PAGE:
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Remember when Wikipedia went black over SOPA and PIPA (thank you Aaron Swartz)? Now that was a protest that got people’s attention and contributed mightily to the legislation being overthrown. Yesterday’s coordinated internet industry protest against the Trump Administration’s efforts to end net neutrality rules paled by comparison. Me thinks it was good enough publicity so as not to look turncoat on the 2014 push that the tech industry made to get the F.C.C. to reclassify the internet as a utility.  Me also thinks that there is more to the story.

Very suspicious was the internet industry’s silence prior to the fateful May 18 F.C.C. vote. Does it really take some of the most wealthy and powerful industries that practice and preach nimbleness two months to respond? And what a paltry response it was. Predictably, the most powerful among them, Google, issued a meager blog post with a link to the Internet Association’s action page. While I can appreciate the graphic novel form, it is but one among what should be many approaches – including ones that don’t lean so heavily on the Three Stooges theme for gifs – to explain the significance of this matter.  Google outsourced the issue. Smaller sites, ones that genuinely need these rules to compete such as Etsy, were more forward.  Facebook fell somewhere in the middle with a few sober words from Sheryl Sandberg. 

I am disappointed, but not surprised.  In the weeks leading up to the May 18 vote, the silence from the internet industry was deafening. I watched with dark interest when Chairman Pai went out to Silicon Valley prior to the vote; it seemed to me that a quiet agreement might have been made.  Let the telecoms have their way, you won’t be adversely affected, the telecoms will push the money-making aspect of this shift onto consumer, and you get to consolidate your position on the internet against existing and future competitors. After all, this visit was in the aftermath of Congress’s vote to allow telecoms to scrape personally identifiable information from transmissions.  Internet industries were strangely silent then too, perhaps because they did not want to bring attention onto their own grabby practices.  Indeed, between telecoms and internet industries, this vote “leveled the playing field” on collection of personally identifiable information. At guess whose expense?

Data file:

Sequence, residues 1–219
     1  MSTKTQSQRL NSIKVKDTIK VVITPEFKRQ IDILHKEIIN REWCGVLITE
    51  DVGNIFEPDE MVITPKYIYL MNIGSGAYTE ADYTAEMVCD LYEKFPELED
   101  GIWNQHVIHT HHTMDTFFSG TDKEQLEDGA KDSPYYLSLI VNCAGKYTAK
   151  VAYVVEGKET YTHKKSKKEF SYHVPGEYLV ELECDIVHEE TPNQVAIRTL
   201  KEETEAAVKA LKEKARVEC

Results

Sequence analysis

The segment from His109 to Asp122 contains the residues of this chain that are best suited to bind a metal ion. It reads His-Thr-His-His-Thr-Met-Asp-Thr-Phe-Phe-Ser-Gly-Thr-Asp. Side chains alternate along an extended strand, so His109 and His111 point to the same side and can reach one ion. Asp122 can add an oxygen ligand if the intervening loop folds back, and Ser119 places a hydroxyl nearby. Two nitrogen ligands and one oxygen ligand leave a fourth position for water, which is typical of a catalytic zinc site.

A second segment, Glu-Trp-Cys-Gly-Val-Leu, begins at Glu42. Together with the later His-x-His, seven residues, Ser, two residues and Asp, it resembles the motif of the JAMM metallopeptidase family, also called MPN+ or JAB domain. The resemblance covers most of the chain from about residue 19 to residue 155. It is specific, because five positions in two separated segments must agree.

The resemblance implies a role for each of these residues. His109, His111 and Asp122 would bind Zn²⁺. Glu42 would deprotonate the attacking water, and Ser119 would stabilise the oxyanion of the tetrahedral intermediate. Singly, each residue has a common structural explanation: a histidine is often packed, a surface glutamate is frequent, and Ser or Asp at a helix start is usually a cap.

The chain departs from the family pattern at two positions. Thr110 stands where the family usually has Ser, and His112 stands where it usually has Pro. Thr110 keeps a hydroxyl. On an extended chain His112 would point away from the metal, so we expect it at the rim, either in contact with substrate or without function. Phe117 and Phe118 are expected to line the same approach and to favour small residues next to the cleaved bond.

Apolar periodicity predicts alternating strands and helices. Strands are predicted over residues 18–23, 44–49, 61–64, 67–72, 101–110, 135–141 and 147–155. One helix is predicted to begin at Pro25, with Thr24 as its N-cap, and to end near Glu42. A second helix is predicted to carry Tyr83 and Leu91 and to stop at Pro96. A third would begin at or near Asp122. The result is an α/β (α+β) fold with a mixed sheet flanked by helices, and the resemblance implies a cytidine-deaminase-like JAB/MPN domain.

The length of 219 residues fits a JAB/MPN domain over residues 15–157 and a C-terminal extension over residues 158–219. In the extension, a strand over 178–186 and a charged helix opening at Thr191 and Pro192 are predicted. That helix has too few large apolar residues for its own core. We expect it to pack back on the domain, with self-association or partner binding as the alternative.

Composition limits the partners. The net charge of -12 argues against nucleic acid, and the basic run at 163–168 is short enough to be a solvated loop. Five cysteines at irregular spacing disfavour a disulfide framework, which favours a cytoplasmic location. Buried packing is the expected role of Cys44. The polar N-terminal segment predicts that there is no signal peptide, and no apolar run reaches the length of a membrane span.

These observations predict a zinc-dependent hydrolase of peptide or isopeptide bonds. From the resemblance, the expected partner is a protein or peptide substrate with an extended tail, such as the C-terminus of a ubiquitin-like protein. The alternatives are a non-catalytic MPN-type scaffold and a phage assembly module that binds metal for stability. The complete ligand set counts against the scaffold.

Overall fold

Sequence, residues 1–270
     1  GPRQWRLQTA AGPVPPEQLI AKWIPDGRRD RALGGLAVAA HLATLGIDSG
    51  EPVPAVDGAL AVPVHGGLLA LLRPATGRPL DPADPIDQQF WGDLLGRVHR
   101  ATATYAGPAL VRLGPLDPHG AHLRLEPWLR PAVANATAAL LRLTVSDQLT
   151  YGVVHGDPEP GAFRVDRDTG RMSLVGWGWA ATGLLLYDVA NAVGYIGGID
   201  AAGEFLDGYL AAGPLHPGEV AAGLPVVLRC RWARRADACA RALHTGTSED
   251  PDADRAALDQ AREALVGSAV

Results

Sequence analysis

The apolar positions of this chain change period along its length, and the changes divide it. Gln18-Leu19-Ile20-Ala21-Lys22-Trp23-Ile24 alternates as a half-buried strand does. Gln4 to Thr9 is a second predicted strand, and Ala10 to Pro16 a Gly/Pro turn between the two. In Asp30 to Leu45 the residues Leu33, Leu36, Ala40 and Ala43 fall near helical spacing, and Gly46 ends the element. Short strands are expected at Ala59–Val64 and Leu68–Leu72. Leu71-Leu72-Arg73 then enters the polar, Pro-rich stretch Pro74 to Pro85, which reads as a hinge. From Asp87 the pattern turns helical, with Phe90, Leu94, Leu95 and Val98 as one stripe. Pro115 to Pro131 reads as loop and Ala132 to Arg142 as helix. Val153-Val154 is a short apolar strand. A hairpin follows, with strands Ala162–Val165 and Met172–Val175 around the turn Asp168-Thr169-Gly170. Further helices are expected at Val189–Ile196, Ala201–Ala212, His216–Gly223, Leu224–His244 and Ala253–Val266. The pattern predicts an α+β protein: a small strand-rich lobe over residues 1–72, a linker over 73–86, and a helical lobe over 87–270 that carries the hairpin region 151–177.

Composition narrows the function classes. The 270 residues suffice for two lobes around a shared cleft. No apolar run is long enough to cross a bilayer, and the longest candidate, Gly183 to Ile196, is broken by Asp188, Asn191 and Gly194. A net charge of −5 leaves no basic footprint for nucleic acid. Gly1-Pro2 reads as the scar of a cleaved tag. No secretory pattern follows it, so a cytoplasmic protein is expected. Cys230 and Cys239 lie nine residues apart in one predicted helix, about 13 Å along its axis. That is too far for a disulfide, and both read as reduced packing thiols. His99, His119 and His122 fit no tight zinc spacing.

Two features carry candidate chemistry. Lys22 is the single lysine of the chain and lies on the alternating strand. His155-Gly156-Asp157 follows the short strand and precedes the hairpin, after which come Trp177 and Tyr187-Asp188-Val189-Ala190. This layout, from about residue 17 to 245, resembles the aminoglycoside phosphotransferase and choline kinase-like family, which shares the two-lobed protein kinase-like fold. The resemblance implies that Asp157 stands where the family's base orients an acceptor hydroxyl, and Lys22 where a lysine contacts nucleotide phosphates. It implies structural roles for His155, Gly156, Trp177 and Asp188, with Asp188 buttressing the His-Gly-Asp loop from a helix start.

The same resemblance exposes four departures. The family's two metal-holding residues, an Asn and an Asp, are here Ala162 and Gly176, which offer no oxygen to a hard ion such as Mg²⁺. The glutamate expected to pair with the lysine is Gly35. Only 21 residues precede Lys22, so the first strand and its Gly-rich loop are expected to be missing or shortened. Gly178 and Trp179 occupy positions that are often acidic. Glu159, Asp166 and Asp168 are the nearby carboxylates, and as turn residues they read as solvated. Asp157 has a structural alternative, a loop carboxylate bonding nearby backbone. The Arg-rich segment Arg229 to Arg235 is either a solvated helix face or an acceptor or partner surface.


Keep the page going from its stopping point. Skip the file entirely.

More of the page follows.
Gone are the days when there was creative tension among content owners, telecoms and tech industries. Apple cozied up to the content owners with iTunes and encryption technologies that block “unapproved” content. Thanks to the Trump Administration deregulation push, telecoms and tech industries now have more in common than that which divides them. Vertical integration of telecoms and content closes the loop. Once again, let us ask: at whose expense? You and me as consumers, and high ed, which, from research to outreach, still requires neutral pipes. 

 Remember duck and cover?  It was what we were taught back in the 50’s and early 60’s to do at school, under our desks, in the event of a nuclear attack. Against immediate debris, that approach made some sense; against radiation obviously not.  That approach is what comes to mind when I think of higher education’s D.C. politics. Get the higher ed lobby in there when it wants something, more money for grants or to reauthorized the Higher Education Act.  In the twentieth-century, when the issues were as apparent as falling debris, that approach worked.  We are in the radiation phase now, and it does not. It should be time to change tactics up. With headlines about Republicans devaluing higher education and the pendulum swings on Title IX, higher education associations and institutional leaders cannot seem to get off the ropes. For the millions of dollars that higher education spends on leadership training and consultants, it would seem to me that now is the time that it should spend some money on a good coach.   

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